i note the dams. as someone who spent many formative years in oregon and washington, watching the salmon ladders (on dams), and driving to hoover dam, and grand coulee dam, and tonight googling the 150+ dams and reservoirs on the incomplete list of dams and reservoirs in california . . . does any water west of the continental divide actually flow to, and in the amount, dictated by natural geography?
i know it's not just west of the divide. the southeastern u.s. wouldn't be the same without the tva.
but nothing riparian west of the divide appears to be natural.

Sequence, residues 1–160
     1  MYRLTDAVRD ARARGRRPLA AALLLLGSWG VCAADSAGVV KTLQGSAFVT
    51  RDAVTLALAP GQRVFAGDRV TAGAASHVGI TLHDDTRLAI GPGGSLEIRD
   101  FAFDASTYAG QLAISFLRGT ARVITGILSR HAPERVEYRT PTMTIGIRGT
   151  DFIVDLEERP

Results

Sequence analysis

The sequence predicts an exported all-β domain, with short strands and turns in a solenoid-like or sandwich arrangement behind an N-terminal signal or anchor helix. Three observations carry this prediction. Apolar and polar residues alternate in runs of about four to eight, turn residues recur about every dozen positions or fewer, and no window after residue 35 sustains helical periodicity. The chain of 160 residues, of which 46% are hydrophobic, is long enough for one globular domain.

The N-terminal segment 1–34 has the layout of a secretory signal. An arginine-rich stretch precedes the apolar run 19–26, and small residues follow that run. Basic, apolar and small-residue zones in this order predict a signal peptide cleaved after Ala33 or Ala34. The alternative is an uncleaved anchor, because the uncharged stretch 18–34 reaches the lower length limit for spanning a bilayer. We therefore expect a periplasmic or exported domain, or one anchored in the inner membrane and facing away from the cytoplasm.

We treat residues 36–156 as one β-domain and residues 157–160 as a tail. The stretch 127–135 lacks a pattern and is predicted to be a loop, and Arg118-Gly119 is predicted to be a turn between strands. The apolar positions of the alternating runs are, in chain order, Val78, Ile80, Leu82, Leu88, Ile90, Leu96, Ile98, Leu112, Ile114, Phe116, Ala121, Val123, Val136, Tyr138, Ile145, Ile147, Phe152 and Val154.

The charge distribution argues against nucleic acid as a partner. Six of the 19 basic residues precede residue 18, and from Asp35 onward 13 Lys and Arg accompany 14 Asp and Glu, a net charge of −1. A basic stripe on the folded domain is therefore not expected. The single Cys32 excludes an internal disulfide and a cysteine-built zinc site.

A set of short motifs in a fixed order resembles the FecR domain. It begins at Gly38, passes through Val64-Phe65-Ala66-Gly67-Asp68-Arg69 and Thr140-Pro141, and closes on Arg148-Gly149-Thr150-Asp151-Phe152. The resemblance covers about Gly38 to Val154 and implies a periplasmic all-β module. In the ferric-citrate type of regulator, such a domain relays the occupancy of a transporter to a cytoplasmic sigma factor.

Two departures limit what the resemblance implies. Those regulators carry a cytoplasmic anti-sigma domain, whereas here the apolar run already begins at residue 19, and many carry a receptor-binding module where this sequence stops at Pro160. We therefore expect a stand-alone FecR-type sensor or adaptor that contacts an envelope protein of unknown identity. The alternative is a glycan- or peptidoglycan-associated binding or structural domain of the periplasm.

I read an interesting book which pretty much showed that none of the New England landscape was ever “natural,” not even when the Pilgrims landed. The Indians farmed, cut trees, burned sections to plant crops, and so on.
And in the early years of white settlement, almost all of the streams and rivers were manipulated. The rivers were needed for travel and commerce. The streams were used for water supplies and for water mills, which were the main source of power for such things as grinding corn and wheat or sawing lumber. Streams were redirected all over the place, swamps were drained, dams were built, ponds were created.
There is no such thing as pure nature, anywhere. And if humans don’t do it, animals will—beavers, deer, buffalo, you name it.